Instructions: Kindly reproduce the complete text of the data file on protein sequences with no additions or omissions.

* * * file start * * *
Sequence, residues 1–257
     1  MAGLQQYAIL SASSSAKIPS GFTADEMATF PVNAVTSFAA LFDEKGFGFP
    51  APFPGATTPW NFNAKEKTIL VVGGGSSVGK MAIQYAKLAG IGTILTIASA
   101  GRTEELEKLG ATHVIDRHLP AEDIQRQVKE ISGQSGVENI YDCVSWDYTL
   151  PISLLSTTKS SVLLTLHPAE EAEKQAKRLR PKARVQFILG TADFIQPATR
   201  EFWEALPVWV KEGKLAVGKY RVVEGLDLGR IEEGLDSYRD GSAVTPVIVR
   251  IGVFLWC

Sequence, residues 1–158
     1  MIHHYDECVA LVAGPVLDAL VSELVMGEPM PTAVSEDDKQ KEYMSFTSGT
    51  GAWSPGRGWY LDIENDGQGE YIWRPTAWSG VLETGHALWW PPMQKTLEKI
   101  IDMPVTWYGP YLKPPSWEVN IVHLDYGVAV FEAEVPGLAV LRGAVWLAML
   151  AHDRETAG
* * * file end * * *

Sequence, residues 1–257
     1  MAGLQQYAIL SASSSAKIPS GFTADEMATF PVNAVTSFAA LFDEKGFGFP
    51  APFPGATTPW NFNAKEKTIL VVGGGSSVGK MAIQYAKLAG IGTILTIASA
   101  GRTEELEKLG ATHVIDRHLP AEDIQRQVKE ISGQSGVENI YDCVSWDYTL
   151  PISLLSTTKS SVLLTLHPAE EAEKQAKRLR PKARVQFILG TADFIQPATR
   201  EFWEALPVWV KEGKLAVGKY RVVEGLDLGR IEEGLDSYRD GSAVTPVIVR
   251  IGVFLWC

Sequence, residues 1–158
     1  MIHHYDECVA LVAGPVLDAL VSELVMGEPM PTAVSEDDKQ KEYMSFTSGT
    51  GAWSPGRGWY LDIENDGQGE YIWRPTAWSG VLETGHALWW PPMQKTLEKI
   101  IDMPVTWYGP YLKPPSWEVN IVHLDYGVAV FEAEVPGLAV LRGAVWLAML
   151  AHDRETAG